…creativity, after all, is a combinatorial force. It’s our ability to tap into the mental pool of resources — ideas, insights, knowledge, inspiration — that we’ve accumulated over the years just by being present and alive and awake to the world, and to combine them in extraordinary new ways.  In order for us to truly create and contribute to the world, we have to be able to connect countless dots, to cross-pollinate ideas from a wealth of disciplines, to combine and recombine these ideas and build new ideas — like LEGOs. The more of these building blocks we have, and the more diverse their shapes and colors, the more interesting our creations will become.  Brain Pickings is your LEGO treasure chest, full of pieces across art, design, science, technology, philosophy, history, politics, psychology, sociology, ecology, anthropology, you-name-itology. Pieces that enrich your mental pool of resources and empower you to combine them into original concepts that are stronger, smarter, richer, deeper and more impactful — a modest, curiosity-driven exercise in vision- and mind-expansion. Please enjoy.

Ponder Popova’s description and use it as a tool for a creative self-examination and an audit of your environment.

“…art, design, science, technology, philosophy, history, politics, psychology, sociology, ecology, anthropology…”

What are you doing to feed your creative side – what are you drawing upon of the above, to equip yourself with the building blocks of innovation?

What are you doing to build an environment that is conducive to creative growth?

Posted in Brain Stimulation Tools, Creative Thinking Techniques, creativity, culture of innovation, innovation, Nature of Creativity, The Human Person, Workplace Creativity | Tagged: , , , , , | 2 Comments »

Environments and Creativity – Why Not in Political Discourse?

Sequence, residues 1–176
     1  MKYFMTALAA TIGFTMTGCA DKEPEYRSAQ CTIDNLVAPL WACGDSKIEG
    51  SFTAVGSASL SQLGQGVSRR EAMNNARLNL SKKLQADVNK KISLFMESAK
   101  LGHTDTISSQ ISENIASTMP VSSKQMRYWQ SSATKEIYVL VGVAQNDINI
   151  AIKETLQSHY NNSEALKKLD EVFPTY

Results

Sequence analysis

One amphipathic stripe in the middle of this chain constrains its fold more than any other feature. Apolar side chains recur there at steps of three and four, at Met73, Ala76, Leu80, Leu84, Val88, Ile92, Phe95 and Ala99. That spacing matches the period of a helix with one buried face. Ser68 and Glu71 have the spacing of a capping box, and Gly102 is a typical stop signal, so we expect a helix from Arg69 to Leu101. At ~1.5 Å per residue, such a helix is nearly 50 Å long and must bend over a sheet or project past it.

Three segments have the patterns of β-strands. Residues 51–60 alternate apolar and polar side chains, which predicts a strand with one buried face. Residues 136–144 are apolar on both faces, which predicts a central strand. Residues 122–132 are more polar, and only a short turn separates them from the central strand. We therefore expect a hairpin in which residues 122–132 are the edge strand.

Posted by Plish on April 30, 2011

A little over a year ago I blogged on optimizing your environment for creative output.  I also wrote about the pros and cons of open office plans.

I wanted to share this article from today’s Wall Street Journal that touches on both of the above topics.  One amazing tidbit:

…Researchers at Ohio State University and the National Institute of Mental Health tracked 60 white-collar workers at a government facility in the central U.S. Some had been randomly assigned to an old office building, with low ceilings and loud air-conditioners. The rest got to work in a recently renovated space filled with skylights and open cubicles.

For the next 17 months, the scientists tracked various metrics of emotional well-being, such as heart-rate variability and levels of stress hormone. They discovered that people working in the older building were significantly more stressed, even when they weren’t at work. The scientists said the effect was big enough to be a potential risk factor for heart disease.

All this got me thinking about how early philosophers and politicians carried out their discussions in open air forums, surrounded by fresh air and blue sky.  They dreamed of ways of improving the world, becoming better people, and their imaginations would soar. 

We are indebted to their innovative thinking still, today.

I wonder how much more creative and effective our elected officials would be if their sessions were in an open air environment, without rows of desks and aisles, no left or right…

Their work might actually have the freedom to soar,

and we, likewise…

Posted in Architectural Design, Behavioral Science, Creative Thinking Techniques, creativity, Design, Health Concerns, idea generation, innovation, Politics, The Senses, Wellness, Workplace Creativity | Tagged: , , , , , , , , , , | 3 Comments »

The Secrets to Effective Rumors (Insights into Innovative Marketing?)

Posted by Plish on December 11, 2009

I came across some amazing tidbits recently while visiting agendainc.com